There are bad clients and crazy bosses who may want to take advantage of you. People can suck the life out of you—if you let them.

You should be picky about the people you invest your time with and go the extra mile for. Not everyone deserves that from you.

 

 About the Author

Rene Shimada Siegel at SRK Headshot Day
René Shimada Siegel is extremely passionate about empowering colleagues and advocating for the next generation of communicators. She is the CEO of Connext, Silicon Valley’s marketing and communications consultancy. For two decades, her company has made life easier for hundreds of technology clients with specialized contractors ranging from recent grads to senior strategists. Current clients include Adobe, LinkedIn, Google, and Salesforce. René also passes on her real-world experience to students as an adjunct public relations professor at San Jose State University.

As an entrepreneur, René’s been featured in Forbes, The Wall Street Journal, Working Mother, Newsweek Japan, CNBC, and Dan Pink’s Free Agent Nation, among others. She’s also been a regular columnist for Inc.com and a frequent speaker on entrepreneurship, career strategies, and personal branding.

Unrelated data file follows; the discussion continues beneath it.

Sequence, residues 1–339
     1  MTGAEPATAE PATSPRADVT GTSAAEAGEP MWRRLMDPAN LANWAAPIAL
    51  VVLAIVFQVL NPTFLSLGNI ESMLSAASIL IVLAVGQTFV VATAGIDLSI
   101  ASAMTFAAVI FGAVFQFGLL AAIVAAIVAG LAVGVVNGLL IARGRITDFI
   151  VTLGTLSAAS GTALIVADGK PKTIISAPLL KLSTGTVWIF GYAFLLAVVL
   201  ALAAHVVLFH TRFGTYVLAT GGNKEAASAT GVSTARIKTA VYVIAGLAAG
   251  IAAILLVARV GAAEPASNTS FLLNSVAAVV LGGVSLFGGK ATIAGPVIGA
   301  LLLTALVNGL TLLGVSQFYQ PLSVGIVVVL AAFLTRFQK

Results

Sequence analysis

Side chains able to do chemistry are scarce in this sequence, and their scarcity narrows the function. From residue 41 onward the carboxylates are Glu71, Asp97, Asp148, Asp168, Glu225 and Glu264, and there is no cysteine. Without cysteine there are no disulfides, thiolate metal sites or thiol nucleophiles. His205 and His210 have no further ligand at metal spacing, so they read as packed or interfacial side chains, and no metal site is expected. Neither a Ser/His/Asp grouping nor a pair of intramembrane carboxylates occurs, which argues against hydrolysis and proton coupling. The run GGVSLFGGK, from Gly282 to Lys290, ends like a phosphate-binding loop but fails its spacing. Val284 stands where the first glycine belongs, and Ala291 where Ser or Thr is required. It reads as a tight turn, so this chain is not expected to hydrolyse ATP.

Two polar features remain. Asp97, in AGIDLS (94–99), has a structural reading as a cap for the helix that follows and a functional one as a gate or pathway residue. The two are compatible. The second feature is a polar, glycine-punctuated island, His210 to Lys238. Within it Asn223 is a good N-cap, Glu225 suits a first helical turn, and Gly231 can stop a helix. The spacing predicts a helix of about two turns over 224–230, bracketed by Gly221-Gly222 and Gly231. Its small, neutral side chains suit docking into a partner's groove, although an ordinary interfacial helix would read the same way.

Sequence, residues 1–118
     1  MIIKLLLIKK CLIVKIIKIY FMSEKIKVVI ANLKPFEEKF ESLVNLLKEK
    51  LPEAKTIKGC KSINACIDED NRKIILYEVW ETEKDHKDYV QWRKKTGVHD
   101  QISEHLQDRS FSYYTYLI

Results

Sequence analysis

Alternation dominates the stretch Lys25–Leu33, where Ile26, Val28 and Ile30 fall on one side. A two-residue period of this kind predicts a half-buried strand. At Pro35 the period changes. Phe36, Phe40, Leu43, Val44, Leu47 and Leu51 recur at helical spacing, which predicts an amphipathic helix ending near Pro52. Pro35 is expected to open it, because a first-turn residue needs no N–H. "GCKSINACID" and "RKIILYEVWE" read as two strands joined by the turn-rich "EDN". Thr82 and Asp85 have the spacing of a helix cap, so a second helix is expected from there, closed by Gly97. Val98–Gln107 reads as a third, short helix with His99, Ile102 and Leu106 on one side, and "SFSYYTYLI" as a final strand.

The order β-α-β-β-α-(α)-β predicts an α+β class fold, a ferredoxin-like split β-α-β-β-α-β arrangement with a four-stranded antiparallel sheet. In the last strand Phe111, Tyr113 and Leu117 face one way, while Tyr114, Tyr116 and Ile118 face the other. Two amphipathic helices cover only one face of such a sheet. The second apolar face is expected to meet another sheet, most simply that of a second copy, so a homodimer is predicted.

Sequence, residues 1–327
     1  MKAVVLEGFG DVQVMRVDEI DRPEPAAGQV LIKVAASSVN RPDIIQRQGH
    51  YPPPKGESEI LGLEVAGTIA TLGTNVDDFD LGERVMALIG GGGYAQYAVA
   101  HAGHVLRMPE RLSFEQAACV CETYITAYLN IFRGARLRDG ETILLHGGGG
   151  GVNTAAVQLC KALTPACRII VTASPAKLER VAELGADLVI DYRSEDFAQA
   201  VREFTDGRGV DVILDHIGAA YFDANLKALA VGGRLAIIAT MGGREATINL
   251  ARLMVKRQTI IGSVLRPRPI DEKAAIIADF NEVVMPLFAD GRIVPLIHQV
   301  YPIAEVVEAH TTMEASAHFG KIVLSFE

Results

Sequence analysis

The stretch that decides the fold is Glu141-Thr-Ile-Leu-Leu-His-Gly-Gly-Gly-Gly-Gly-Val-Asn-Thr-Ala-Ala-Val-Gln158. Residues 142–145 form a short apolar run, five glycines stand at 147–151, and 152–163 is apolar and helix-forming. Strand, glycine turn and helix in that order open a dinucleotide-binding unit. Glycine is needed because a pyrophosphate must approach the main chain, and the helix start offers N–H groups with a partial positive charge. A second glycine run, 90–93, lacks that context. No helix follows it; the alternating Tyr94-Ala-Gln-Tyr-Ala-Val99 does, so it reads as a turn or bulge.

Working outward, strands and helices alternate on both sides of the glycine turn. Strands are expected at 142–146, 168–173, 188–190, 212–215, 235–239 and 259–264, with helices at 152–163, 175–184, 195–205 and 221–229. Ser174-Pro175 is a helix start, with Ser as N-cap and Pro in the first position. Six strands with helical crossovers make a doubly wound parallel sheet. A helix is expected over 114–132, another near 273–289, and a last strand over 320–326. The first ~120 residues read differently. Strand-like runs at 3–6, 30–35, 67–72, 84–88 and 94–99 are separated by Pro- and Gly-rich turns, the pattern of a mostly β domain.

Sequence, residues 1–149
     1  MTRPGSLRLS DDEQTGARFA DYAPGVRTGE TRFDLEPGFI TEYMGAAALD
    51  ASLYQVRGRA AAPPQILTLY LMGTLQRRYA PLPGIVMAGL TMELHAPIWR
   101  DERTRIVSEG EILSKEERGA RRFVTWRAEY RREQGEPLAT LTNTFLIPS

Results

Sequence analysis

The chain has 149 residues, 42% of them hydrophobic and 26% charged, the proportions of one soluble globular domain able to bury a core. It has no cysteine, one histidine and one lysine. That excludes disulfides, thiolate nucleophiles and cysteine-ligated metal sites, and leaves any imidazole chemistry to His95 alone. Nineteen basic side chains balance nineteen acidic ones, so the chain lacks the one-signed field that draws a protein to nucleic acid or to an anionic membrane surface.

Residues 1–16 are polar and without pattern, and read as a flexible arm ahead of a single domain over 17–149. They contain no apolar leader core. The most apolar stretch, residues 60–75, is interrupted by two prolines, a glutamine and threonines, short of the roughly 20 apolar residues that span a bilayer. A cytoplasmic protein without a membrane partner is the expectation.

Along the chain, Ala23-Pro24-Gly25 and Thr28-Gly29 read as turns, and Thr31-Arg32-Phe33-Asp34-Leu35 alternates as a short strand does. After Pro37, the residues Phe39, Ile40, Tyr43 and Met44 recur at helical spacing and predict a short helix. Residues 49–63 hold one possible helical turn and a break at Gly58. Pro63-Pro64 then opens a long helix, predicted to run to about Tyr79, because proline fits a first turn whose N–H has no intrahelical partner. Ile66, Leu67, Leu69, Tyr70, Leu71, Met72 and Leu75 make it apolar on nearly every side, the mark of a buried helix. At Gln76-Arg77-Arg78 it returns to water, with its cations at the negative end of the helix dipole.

Anyone interested in learning more about Connext can reach René at rene@connextme.com.

 





What Matters in Doing Your Best Work

27 10 2014

Hello Everyone,

I’m sharing this blog post by Sally Thornton that offers a different way of looking at your passions versus your skills in finding your path to meaningful work.

Warmly,

Sue

What Matters in Doing Your Best Work

By Sally Thornton, CEO and Founder of Forshay

We hear it so often: Follow your passions. Do what you love and the money will follow. But then we keep listening for more specific advice and, not surprisingly, it often conflicts.

Recently, Jeffrey Katzenberg surprised a crowd by suggesting that young people follow not their dreams, but their skills: “I believe every human being does something great. Follow that thing you’re actually really good at and that may become your passion.” In the parlance of the diagram above, he’s suggesting that the joy of doing something well, something you’re suited for, can turn a job into a career.

Meanwhile, in a speech to Stanford business school students, Oprah Winfrey suggests two keys to finding your “power base,” following your instincts and connecting your skills with your values: “Align your personality with your purpose, and no one can touch you.” In the language of the diagram above: when what you do well meets what the world needs, you turn a talent into a career.